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datatime: 2022-09-26 04:09:11 Author:gnEYfZsr

I was alone in my room and the whole household had gone down to the village at twilight for the big bonfire that was the custom every year on this evening.

I want you to go to Paris, Lestat, she said.I want you to take this money, which is all I have left from my family. I want to know you're in Paris, Lestat, when my-time comes. I want to die knowing you are in Paris.

I want you to go to Paris, Lestat, she said.I want you to take this money, which is all I have left from my family. I want to know you're in Paris, Lestat, when my-time comes. I want to die knowing you are in Paris.

Sit down, she said. She pointed to the bench near the hearth. Reluctantly I did as I was told. She sat beside me.

I love you for it, she said.It's all too like you that you should see this in a tiny bedroom in the inn late at night when you're drinking wine. And it's entirely like you to rage against it the way you rage against everything else.

Is it on account of my dying, what's come over you? she asked.Tell me if it is. And put your hands in mine.

My mother came in, closed the door behind her, and told me that she must talk to me. Her whole manner was tenderness.

She listened and then she said,You're such a fighter, my son. You never accept. Not even when it's the fate of all mankind, will you accept it.

I had always hated the celebration. It had a ghastly aspect to it the roaring flames, the dancing and singing, the peasants going afterwards through the orchards with their torches to the tune of their strange chanting.

I had always hated the celebration. It had a ghastly aspect to it the roaring flames, the dancing and singing, the peasants going afterwards through the orchards with their torches to the tune of their strange chanting.

I was alone in my room and the whole household had gone down to the village at twilight for the big bonfire that was the custom every year on this evening.

I didn't answer her. I can't convey to you the frame of mind. I was still raw, trembling, and we had to talk about the fact that this living, breathing woman was going to stop living and breathing and start to putrefy and rot away, that her soul would spin into an abyss, that everything she had suffered in life, including the end of it, would come to nothing at all. Her little face was like something painted on a veil.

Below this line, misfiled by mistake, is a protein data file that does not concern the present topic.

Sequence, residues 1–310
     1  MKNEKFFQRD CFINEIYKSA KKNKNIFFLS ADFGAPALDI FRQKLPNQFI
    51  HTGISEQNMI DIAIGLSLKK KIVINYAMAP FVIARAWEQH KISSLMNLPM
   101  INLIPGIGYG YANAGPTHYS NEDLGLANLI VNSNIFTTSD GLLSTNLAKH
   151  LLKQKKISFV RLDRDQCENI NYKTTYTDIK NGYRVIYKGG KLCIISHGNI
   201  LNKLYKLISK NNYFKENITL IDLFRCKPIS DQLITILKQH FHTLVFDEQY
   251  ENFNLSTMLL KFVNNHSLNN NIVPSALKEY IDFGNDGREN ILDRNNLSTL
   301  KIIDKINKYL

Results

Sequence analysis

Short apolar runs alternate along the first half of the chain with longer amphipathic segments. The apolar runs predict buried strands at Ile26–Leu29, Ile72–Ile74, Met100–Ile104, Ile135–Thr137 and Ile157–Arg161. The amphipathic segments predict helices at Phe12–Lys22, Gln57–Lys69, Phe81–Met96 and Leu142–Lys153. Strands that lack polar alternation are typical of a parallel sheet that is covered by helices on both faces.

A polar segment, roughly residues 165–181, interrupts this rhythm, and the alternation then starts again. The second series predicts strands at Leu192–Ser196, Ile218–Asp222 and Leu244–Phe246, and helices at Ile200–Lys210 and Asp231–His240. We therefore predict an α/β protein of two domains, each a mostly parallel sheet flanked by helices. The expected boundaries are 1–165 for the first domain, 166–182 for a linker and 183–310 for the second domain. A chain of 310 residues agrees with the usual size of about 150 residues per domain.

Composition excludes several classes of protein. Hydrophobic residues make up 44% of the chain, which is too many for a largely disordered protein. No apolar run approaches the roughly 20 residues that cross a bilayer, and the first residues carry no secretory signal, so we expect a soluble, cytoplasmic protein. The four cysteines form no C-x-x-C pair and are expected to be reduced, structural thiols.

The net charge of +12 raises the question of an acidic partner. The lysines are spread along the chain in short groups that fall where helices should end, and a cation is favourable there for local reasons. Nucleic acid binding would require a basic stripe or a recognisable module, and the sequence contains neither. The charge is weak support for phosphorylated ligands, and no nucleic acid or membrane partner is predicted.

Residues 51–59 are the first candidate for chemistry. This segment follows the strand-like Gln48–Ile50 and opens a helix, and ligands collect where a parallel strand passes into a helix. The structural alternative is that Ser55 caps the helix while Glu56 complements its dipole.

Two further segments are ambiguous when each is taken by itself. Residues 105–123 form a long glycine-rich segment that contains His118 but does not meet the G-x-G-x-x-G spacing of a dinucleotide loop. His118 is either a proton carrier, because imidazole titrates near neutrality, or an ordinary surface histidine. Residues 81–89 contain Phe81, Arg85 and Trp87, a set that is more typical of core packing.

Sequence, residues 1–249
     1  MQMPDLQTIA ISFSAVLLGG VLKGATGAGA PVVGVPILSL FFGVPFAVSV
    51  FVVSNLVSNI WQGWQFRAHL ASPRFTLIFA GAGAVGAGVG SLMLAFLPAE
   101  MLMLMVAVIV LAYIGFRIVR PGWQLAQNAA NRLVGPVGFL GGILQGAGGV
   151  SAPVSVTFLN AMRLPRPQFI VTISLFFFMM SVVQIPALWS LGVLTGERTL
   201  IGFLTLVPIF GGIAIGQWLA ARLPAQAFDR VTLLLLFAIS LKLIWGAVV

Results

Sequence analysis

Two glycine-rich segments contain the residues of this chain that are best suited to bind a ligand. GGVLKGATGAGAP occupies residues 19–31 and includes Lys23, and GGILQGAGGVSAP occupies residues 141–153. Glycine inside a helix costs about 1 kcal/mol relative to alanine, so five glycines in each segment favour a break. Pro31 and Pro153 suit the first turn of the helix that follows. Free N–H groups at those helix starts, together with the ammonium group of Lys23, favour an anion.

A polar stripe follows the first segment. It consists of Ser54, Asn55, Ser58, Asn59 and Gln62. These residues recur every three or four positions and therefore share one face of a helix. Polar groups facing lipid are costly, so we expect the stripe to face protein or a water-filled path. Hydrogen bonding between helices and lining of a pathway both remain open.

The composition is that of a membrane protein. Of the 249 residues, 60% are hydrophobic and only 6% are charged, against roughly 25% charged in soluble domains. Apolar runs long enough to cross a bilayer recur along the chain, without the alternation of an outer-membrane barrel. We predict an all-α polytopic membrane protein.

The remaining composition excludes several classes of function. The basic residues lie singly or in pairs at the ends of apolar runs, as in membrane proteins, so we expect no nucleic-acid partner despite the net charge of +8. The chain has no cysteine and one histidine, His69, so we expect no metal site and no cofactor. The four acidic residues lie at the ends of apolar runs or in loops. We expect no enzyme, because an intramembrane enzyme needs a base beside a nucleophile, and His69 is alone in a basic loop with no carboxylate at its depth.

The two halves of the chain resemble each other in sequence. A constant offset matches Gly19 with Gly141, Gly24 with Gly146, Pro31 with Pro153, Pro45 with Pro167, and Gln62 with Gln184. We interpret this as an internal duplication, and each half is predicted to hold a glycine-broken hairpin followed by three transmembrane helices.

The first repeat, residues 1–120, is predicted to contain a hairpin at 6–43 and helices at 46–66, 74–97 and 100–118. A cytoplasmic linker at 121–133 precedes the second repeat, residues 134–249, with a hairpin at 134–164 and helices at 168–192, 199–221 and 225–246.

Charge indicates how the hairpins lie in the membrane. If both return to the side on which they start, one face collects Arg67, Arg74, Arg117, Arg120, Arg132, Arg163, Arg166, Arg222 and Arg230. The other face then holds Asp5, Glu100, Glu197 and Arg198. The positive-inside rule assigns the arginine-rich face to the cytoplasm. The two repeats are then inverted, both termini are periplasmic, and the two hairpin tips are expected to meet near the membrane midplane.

I love you for it, she said.It's all too like you that you should see this in a tiny bedroom in the inn late at night when you're drinking wine. And it's entirely like you to rage against it the way you rage against everything else.

I had always hated the celebration. It had a ghastly aspect to it the roaring flames, the dancing and singing, the peasants going afterwards through the orchards with their torches to the tune of their strange chanting.

My mother came in, closed the door behind her, and told me that she must talk to me. Her whole manner was tenderness.

I love you for it, she said.It's all too like you that you should see this in a tiny bedroom in the inn late at night when you're drinking wine. And it's entirely like you to rage against it the way you rage against everything else.

And from the distant village came the thinnest sound of the singing villagers.

But I told her the truth. I didn't know, and then I explained some of what had happened in the inn. I tried not to convey the horror of it, the strange logic of it. I tried not to make it so absolute.

I want you to go to Paris, Lestat, she said.I want you to take this money, which is all I have left from my family. I want to know you're in Paris, Lestat, when my-time comes. I want to die knowing you are in Paris.

I know, she said,that you and Nicolas are talking of running away.

I want you to go to Paris, Lestat, she said.I want you to take this money, which is all I have left from my family. I want to know you're in Paris, Lestat, when my-time comes. I want to die knowing you are in Paris.

I won't go, Mother. . .

Stop, Mother, I said, aware of how selfish I was being, but unable to hold back.And this time there'll be no gifts. Put the money away.

In my present frame of mind, it struck terror. I sat by my own little fire, trying to resist the urge to go to the window and look down on the big fire that drew me as strongly as it scared me.

Stop, Mother, I said, aware of how selfish I was being, but unable to hold back.And this time there'll be no gifts. Put the money away.

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